SJM: Has the 400 always been your thing?

KD: It was the 400, but now I’m shifting into more of a 400/800 runner. I did the 400 to get better with speed, and now I’m shifting back to the 800 and I’ll probably end up doing a lot of both.

SJM: Do you prefer the 400 of the 800?

KD: I don’t prefer the 800 because of how hard it is mentally. It’s the hardest race for me, so I prefer the 400, but I feel like I have the most success when I have a good race in the 800.

SJM: How does running during indoor season compare to the outdoor season?

KD: It’s a lot different, especially for me in the 400. I’m more of an endurance-based athlete than the other sprinters who run the 400, so all of the sprinters get out ahead of me and I have to run around them. So being in lanes in outdoor is a lot easier for me, because I don’t have to worry about going around people. I know I have the second half of the race every time.

SJM: Is your strategy in the 400 to bide your time and outlast the sprinters?

KD: I work to stay with them as much as possible and go out as fast as I can. Having people who run crazy times in the 200 and constantly practice the 100, it’s hard for me to keep up. I don’t have the speed but I have the endurance base to run past them. 

SJM: How did you originally get interested in the sport?

KD: I got into the sport in sixth grade. Both of my parents were runners at TCNJ, so running has always been a big thing for me and my entire family has always been into running, even if it’s not track. My grandfather has run in the Boston Marathon and multiple marathons. I remember having speed and constantly wanting to run [when I was little], and finally in sixth grade I wanted to go out for the team, and here I am.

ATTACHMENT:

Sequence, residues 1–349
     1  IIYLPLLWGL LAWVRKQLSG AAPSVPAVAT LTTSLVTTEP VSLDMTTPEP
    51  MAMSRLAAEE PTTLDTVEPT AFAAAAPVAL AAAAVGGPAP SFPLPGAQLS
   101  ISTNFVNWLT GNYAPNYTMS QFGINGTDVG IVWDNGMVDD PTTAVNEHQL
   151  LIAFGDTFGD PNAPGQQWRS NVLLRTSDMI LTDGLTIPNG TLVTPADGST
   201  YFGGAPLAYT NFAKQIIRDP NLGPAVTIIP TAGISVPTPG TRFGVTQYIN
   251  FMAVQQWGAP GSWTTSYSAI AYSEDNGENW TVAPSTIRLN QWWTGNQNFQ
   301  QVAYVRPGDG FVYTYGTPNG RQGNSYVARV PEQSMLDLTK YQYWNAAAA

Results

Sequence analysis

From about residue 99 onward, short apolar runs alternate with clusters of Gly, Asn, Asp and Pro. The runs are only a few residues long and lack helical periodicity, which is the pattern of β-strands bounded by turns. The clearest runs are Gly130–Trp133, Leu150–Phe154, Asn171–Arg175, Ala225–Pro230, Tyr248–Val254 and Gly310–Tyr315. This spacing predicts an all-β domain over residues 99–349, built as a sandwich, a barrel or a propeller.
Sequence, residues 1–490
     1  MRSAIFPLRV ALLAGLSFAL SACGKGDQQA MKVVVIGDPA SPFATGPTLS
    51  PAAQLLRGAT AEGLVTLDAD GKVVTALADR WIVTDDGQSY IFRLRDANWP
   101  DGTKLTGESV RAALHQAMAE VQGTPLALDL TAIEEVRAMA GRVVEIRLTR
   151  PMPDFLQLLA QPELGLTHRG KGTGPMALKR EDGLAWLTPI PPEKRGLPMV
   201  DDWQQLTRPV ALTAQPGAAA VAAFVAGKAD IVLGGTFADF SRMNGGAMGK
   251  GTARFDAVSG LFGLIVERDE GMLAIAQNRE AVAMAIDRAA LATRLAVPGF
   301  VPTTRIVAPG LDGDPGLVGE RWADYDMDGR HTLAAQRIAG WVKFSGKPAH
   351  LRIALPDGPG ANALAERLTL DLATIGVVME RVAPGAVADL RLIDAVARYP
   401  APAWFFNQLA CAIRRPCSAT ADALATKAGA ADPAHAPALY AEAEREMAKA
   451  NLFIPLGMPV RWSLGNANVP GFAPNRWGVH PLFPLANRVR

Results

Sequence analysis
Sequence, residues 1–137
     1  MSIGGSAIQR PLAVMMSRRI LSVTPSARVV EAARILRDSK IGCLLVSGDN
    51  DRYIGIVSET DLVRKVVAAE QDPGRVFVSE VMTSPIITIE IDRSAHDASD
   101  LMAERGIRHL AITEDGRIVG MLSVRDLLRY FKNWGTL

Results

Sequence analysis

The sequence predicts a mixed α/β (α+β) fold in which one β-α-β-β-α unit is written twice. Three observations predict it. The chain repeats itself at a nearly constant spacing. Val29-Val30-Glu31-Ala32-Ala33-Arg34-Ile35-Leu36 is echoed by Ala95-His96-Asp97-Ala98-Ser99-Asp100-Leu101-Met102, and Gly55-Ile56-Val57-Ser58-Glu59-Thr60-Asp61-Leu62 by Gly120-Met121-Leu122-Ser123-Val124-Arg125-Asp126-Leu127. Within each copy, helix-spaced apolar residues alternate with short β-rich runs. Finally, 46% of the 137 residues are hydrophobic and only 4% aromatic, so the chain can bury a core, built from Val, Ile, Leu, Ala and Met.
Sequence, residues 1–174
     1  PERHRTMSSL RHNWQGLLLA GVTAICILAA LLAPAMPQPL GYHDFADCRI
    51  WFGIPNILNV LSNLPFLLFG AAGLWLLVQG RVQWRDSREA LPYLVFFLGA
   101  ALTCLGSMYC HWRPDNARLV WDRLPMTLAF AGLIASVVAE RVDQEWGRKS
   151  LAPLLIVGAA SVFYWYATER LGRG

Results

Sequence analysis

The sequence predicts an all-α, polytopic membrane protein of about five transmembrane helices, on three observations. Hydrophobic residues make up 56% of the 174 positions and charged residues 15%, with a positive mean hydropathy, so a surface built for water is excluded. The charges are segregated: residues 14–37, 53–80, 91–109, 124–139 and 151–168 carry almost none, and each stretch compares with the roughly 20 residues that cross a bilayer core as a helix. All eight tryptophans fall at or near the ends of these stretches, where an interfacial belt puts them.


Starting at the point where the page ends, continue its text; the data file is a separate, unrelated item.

SJM: Is track your only sport?

KD: I also played soccer at Eastern, but I shifted more into track mode because I have more love for the sport and my passion has driven me to get faster.

SJM: What are your favorite memories from your soccer career at Eastern?

KD: I played all four years and I actually scored the winning goal for the sectional title for my team, which was really exciting. I loved all of my teammates and my coach was great. I really did it to stay in shape, knowing I had another two seasons of sports.

SJM: What are your goals for the outdoor season?

KD: This spring, I’m really looking to just have fun with it. When I was doing college visits, a lot of the girls told me they regretted not having fun in their senior season. So I want to drop my times, but I want it to be fun and not stressful.

SJM: So you’re not dead set on winning state championships?

KD: That’s always the goal—I really want a state title in the 400 or 800, and I think I can do it in either of them, I just have to put in the work. But I’m also looking to reintroduce the fun part of why I love running.

SJM: Do you know where you’re going to college?

KD: I’m not sure yet—it’s kind of in the finalization process. I’m looking for a good track program that I can contribute to and where I can find my place. I’m also looking at the coaches, because I have a group of coaches now who really help me and I’m thankful for that. In past years, not in high school sports, but I’ve dealt with other coaches who I didn’t click with it and it led to me not liking the sport as much. Right now I have coaches who I enjoy working with, so in college I’m looking for that same spark so I can continue to have the love for the sport for four years and not want to transfer or leave.

SJM: Do you know what you want to study?

KD: I’m looking to go into the nursing and psychology fields, kind of a mix of both, which will most likely end up in me going for a master’s. I’ll probably get a BSN and then a master’s for psychology. That’s my plan, but things change.

SJM: What do you like to do for fun away from sports?

KD: One of my pastimes is art. I’m actually in AP Art and I’m working on my portfolio for the AP exam coming up, so that takes up a lot of my time. A lot of my friends are on the track team and we recently went down to the beach as a team. We always get together and it’s a lot of fun. We go all over New Jersey: sometimes we go to Six Flags, sometimes we go to different colleges for a football game or something. We do team bonding once a week and I have my best friend and multiple other close friends on the team.

SJM: Do you like growing up in South Jersey?